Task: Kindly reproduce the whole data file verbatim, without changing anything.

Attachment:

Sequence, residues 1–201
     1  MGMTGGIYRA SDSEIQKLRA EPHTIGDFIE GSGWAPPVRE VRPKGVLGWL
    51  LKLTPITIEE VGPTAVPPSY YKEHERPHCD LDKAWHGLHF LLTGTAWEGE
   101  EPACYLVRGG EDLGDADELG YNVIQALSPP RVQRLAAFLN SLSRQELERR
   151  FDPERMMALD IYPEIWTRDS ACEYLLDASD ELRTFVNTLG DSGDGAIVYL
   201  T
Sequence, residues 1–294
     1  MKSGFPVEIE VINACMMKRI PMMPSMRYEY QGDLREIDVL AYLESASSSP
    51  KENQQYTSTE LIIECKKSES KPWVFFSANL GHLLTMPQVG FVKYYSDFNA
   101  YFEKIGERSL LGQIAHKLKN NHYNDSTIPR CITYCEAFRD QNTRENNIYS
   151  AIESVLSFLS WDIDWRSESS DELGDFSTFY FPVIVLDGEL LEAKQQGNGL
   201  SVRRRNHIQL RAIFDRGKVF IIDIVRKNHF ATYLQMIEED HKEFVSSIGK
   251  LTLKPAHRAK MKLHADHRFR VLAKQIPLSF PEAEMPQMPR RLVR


Sequence, residues 1–201
     1  MGMTGGIYRA SDSEIQKLRA EPHTIGDFIE GSGWAPPVRE VRPKGVLGWL
    51  LKLTPITIEE VGPTAVPPSY YKEHERPHCD LDKAWHGLHF LLTGTAWEGE
   101  EPACYLVRGG EDLGDADELG YNVIQALSPP RVQRLAAFLN SLSRQELERR
   151  FDPERMMALD IYPEIWTRDS ACEYLLDASD ELRTFVNTLG DSGDGAIVYL
   201  T
Sequence, residues 1–294
     1  MKSGFPVEIE VINACMMKRI PMMPSMRYEY QGDLREIDVL AYLESASSSP
    51  KENQQYTSTE LIIECKKSES KPWVFFSANL GHLLTMPQVG FVKYYSDFNA
   101  YFEKIGERSL LGQIAHKLKN NHYNDSTIPR CITYCEAFRD QNTRENNIYS
   151  AIESVLSFLS WDIDWRSESS DELGDFSTFY FPVIVLDGEL LEAKQQGNGL
   201  SVRRRNHIQL RAIFDRGKVF IIDIVRKNHF ATYLQMIEED HKEFVSSIGK
   251  LTLKPAHRAK MKLHADHRFR VLAKQIPLSF PEAEMPQMPR RLVR